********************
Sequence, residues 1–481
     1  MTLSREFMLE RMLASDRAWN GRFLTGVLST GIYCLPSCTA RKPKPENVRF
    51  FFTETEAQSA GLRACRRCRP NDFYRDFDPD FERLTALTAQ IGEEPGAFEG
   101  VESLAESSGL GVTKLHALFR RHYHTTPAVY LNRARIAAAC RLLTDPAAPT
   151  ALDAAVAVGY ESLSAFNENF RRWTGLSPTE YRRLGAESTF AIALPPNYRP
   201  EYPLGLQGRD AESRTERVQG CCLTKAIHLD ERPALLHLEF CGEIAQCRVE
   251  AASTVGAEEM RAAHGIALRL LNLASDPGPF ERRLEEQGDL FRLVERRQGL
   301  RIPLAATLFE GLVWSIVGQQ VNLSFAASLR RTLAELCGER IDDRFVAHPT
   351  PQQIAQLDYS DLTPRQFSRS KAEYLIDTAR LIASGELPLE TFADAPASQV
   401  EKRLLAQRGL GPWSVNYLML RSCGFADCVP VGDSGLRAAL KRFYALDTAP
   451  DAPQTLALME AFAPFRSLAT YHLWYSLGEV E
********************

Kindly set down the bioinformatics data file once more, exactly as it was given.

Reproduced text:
Sequence, residues 1–481
     1  MTLSREFMLE RMLASDRAWN GRFLTGVLST GIYCLPSCTA RKPKPENVRF
    51  FFTETEAQSA GLRACRRCRP NDFYRDFDPD FERLTALTAQ IGEEPGAFEG
   101  VESLAESSGL GVTKLHALFR RHYHTTPAVY LNRARIAAAC RLLTDPAAPT
   151  ALDAAVAVGY ESLSAFNENF RRWTGLSPTE YRRLGAESTF AIALPPNYRP
   201  EYPLGLQGRD AESRTERVQG CCLTKAIHLD ERPALLHLEF CGEIAQCRVE
   251  AASTVGAEEM RAAHGIALRL LNLASDPGPF ERRLEEQGDL FRLVERRQGL
   301  RIPLAATLFE GLVWSIVGQQ VNLSFAASLR RTLAELCGER IDDRFVAHPT
   351  PQQIAQLDYS DLTPRQFSRS KAEYLIDTAR LIASGELPLE TFADAPASQV
   401  EKRLLAQRGL GPWSVNYLML RSCGFADCVP VGDSGLRAAL KRFYALDTAP
   451  DAPQTLALME AFAPFRSLAT YHLWYSLGEV E